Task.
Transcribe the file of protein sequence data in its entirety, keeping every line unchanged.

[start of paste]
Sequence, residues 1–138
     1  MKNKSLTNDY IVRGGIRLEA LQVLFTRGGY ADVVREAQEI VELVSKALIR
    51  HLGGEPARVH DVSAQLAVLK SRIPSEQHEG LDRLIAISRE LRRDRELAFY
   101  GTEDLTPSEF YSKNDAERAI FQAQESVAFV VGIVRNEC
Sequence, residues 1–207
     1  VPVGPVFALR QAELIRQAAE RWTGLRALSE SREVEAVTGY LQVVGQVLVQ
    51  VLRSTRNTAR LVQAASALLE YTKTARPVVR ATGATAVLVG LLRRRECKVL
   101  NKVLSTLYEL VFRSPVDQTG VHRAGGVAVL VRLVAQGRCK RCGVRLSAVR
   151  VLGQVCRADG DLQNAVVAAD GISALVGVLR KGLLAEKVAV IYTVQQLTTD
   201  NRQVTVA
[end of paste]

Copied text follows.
Sequence, residues 1–138
     1  MKNKSLTNDY IVRGGIRLEA LQVLFTRGGY ADVVREAQEI VELVSKALIR
    51  HLGGEPARVH DVSAQLAVLK SRIPSEQHEG LDRLIAISRE LRRDRELAFY
   101  GTEDLTPSEF YSKNDAERAI FQAQESVAFV VGIVRNEC
Sequence, residues 1–207
     1  VPVGPVFALR QAELIRQAAE RWTGLRALSE SREVEAVTGY LQVVGQVLVQ
    51  VLRSTRNTAR LVQAASALLE YTKTARPVVR ATGATAVLVG LLRRRECKVL
   101  NKVLSTLYEL VFRSPVDQTG VHRAGGVAVL VRLVAQGRCK RCGVRLSAVR
   151  VLGQVCRADG DLQNAVVAAD GISALVGVLR KGLLAEKVAV IYTVQQLTTD
   201  NRQVTVA